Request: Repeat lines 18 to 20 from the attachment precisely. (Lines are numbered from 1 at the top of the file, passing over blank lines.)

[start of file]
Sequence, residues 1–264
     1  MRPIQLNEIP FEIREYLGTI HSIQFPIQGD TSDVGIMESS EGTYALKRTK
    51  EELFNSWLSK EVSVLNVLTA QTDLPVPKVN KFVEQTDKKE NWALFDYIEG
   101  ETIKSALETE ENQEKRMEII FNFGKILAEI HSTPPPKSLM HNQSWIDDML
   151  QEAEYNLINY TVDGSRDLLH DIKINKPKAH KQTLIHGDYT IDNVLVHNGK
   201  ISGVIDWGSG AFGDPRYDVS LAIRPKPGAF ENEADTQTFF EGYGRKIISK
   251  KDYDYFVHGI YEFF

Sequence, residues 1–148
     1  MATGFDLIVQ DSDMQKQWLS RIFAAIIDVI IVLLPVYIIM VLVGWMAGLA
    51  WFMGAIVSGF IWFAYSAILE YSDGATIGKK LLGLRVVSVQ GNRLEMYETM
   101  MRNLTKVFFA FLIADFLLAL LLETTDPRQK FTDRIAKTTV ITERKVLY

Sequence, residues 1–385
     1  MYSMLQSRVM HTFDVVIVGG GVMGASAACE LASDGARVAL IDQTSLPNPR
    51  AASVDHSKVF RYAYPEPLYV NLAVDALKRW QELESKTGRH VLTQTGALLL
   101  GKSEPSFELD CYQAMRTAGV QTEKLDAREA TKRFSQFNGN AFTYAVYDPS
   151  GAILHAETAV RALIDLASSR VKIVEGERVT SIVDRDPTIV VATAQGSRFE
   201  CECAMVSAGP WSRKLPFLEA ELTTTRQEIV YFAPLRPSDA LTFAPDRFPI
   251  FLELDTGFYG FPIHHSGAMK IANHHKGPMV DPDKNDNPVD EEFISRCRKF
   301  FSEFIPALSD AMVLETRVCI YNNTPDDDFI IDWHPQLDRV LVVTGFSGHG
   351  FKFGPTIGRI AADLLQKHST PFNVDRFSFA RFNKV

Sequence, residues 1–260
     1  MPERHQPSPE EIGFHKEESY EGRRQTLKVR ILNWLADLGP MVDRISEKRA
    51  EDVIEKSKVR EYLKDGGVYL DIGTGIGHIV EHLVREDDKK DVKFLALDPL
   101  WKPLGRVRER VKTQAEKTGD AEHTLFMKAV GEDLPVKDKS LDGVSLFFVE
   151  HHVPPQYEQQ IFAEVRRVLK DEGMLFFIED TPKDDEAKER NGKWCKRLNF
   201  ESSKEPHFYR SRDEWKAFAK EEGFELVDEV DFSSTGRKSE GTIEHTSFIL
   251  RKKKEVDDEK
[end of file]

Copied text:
   251  FLELDTGFYG FPIHHSGAMK IANHHKGPMV DPDKNDNPVD EEFISRCRKF
   301  FSEFIPALSD AMVLETRVCI YNNTPDDDFI IDWHPQLDRV LVVTGFSGHG
   351  FKFGPTIGRI AADLLQKHST PFNVDRFSFA RFNKV